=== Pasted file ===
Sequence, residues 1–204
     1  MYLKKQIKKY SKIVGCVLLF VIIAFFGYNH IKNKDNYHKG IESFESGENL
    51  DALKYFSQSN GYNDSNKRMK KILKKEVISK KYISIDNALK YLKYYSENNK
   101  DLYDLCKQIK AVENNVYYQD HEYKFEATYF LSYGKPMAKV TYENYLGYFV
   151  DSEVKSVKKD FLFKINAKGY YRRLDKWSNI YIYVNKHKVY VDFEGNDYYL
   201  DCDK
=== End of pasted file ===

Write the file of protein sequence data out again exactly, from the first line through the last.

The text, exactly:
Sequence, residues 1–204
     1  MYLKKQIKKY SKIVGCVLLF VIIAFFGYNH IKNKDNYHKG IESFESGENL
    51  DALKYFSQSN GYNDSNKRMK KILKKEVISK KYISIDNALK YLKYYSENNK
   101  DLYDLCKQIK AVENNVYYQD HEYKFEATYF LSYGKPMAKV TYENYLGYFV
   151  DSEVKSVKKD FLFKINAKGY YRRLDKWSNI YIYVNKHKVY VDFEGNDYYL
   201  DCDK